Day Trading Expenses You Can Deduct from Your Income Tax
How to Calculate Return on Your Investments
Tracking the Economic Cycle from Expansion to Recession

What Is Call Buying in Stock Trading?

Call buying is different from call writing, because it isn’t usually used by traders as a hedge against risk. Instead, call buying is used to make money on stocks that are likely to go up in price.

Call buying is the most common technique used by individual investors, but beware that success in this form of trading requires good stock-picking skills and a sense of timing.

The main attraction of buying call options is the potential for making large sums of money in short amounts of time, while limiting downside risk to only the original amount of money that you put up when you bought the option. Here are two reasons for buying call options:

  • You expect the stock to rise. ABC stock is selling at $50, and you buy a six-month call, the December 55, at $3. You pay $300 for the position. For the next six months you have a chance to make money if the stock rises in price.

    If the stock goes up 10 points, or 20 percent, your option also will rise, and because of leverage, the option will be worth much more. If the price drops below $55 by the expiration date, all you lose is your original $300 if you didn’t sell back the option prior to that.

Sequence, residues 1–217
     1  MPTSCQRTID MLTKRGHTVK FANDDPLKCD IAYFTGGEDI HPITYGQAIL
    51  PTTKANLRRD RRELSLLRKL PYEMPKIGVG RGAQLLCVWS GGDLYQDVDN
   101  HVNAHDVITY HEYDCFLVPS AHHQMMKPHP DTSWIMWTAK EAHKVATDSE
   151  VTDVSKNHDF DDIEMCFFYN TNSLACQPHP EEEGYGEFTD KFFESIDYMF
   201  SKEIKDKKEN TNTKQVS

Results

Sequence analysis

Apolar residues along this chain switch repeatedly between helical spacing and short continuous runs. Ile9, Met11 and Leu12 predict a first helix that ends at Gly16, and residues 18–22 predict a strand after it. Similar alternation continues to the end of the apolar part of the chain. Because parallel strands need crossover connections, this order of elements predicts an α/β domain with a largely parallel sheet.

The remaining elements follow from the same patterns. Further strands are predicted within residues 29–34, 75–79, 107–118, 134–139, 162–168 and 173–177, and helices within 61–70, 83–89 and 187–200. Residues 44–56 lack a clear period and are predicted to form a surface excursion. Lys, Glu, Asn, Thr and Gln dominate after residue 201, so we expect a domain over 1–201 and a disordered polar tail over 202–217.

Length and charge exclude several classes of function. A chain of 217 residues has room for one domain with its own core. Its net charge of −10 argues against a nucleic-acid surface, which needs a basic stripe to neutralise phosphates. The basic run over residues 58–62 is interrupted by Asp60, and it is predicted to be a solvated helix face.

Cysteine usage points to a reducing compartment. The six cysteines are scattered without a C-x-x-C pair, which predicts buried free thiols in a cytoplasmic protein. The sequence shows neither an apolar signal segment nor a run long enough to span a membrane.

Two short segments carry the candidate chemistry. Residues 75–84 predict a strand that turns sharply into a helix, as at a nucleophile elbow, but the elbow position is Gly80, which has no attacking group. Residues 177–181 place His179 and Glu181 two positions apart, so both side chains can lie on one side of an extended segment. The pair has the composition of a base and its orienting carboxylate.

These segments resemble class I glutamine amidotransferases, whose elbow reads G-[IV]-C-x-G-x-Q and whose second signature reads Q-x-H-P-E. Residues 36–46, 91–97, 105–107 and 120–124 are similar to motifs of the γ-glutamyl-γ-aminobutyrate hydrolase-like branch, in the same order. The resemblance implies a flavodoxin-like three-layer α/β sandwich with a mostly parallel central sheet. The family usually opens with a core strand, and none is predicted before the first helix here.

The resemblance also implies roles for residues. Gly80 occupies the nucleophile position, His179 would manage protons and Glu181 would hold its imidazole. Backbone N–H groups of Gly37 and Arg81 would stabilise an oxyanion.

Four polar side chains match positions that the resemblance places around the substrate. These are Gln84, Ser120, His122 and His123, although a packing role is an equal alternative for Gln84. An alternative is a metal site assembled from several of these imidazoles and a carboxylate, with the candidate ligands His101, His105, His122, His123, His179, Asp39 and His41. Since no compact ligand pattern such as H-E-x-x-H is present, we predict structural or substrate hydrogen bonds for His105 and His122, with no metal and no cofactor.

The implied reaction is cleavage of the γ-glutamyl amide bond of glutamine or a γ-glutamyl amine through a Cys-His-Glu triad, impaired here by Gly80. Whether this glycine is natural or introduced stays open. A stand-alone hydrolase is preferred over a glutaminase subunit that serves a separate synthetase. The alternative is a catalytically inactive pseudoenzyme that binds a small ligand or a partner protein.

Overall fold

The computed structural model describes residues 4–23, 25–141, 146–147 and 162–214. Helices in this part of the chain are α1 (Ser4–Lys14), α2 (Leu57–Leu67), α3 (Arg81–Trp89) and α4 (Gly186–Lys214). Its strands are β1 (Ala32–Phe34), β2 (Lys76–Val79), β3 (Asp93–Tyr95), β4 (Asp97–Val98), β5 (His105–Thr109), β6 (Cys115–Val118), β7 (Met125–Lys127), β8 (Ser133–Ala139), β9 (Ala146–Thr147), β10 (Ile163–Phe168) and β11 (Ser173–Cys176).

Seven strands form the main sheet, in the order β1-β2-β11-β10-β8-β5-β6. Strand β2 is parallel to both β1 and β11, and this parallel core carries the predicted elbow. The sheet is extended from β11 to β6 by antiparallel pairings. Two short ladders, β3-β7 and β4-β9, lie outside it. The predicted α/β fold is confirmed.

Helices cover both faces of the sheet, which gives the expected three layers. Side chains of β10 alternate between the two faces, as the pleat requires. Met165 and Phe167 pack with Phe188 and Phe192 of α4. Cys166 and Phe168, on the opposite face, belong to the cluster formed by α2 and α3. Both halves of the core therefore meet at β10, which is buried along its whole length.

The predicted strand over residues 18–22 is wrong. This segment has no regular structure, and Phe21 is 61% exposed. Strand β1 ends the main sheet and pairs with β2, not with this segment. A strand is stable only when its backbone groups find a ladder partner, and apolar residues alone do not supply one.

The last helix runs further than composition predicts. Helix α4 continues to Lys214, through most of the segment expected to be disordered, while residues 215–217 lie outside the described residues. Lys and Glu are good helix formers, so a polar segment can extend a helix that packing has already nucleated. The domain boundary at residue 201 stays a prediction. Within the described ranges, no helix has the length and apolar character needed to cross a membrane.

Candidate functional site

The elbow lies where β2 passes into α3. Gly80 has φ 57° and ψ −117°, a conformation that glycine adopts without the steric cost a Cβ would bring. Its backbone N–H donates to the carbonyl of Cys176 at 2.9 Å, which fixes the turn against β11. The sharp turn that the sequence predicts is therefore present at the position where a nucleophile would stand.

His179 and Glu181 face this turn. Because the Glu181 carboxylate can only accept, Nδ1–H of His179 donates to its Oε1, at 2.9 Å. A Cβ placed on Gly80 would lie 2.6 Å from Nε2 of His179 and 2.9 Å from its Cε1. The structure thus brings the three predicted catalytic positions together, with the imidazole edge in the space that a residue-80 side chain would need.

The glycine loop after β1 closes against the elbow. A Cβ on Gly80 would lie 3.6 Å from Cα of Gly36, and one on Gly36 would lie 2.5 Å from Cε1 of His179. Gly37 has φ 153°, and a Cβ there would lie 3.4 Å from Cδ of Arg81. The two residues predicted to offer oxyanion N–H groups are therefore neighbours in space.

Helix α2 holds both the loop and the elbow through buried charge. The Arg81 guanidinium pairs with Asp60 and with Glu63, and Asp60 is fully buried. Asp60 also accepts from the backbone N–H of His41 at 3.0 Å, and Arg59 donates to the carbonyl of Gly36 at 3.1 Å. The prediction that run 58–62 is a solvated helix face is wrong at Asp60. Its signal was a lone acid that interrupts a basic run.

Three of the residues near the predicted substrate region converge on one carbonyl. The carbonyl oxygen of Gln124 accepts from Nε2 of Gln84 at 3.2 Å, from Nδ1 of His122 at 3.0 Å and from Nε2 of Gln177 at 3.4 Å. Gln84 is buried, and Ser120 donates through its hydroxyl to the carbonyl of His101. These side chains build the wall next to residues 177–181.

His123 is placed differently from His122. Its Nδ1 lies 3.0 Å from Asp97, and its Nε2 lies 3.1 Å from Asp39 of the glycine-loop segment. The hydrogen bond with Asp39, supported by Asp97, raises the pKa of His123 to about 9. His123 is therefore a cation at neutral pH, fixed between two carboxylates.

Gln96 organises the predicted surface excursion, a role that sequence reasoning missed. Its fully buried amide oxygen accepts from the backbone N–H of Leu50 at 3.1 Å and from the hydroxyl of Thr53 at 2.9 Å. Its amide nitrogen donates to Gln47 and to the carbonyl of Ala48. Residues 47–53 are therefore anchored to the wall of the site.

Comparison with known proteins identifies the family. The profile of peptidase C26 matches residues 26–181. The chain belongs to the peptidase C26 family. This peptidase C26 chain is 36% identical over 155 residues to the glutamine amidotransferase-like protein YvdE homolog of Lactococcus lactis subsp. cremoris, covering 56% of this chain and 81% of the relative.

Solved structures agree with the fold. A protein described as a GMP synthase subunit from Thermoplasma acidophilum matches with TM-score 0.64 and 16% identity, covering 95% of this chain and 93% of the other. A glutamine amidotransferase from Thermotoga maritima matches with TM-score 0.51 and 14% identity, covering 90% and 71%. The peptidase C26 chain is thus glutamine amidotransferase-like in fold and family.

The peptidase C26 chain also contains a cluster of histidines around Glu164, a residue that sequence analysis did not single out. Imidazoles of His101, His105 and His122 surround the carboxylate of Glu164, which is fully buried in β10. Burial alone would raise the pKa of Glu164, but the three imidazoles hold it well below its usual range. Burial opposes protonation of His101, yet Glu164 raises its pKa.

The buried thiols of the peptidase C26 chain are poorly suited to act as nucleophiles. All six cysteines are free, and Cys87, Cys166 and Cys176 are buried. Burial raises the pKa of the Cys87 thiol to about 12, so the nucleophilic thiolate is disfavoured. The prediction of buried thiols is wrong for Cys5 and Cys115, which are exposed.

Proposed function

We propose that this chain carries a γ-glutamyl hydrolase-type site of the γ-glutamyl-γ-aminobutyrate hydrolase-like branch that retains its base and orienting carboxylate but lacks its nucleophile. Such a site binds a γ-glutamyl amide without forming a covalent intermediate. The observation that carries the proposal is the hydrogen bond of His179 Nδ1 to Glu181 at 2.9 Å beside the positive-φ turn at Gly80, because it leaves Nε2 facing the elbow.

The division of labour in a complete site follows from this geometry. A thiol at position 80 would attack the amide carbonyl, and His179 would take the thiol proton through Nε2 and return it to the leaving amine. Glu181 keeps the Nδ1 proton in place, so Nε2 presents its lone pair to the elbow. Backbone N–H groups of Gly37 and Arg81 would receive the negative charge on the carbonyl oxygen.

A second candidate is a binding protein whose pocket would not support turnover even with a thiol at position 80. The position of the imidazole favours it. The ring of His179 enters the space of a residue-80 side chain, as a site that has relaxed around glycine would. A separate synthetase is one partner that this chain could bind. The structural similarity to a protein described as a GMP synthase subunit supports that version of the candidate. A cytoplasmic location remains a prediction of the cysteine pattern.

• You expect to have money later and don’t want to miss a move up in a stock. Say, for example, that you expect a nice sum of money in a couple of weeks, and a stock you like is starting to move. You can buy an option for a fraction of the price of the stock. When you get your money, if you’re still interested, you can exercise your option and buy the stock. If you’re wrong, you lose only a fraction of what you would have by owning the stock.

When you buy a call option, you pay for it in full. You have to post no margin.

blog comments powered by Disqus
How Do Electronic Communications Networks Relate to Stock Trading?
What Are Currency Pairs?
What to Expect in Your Hedge Fund Contract
Finding a Financial Advisor
Stick to Investment Basics in a Down Market
Advertisement

Inside Dummies.com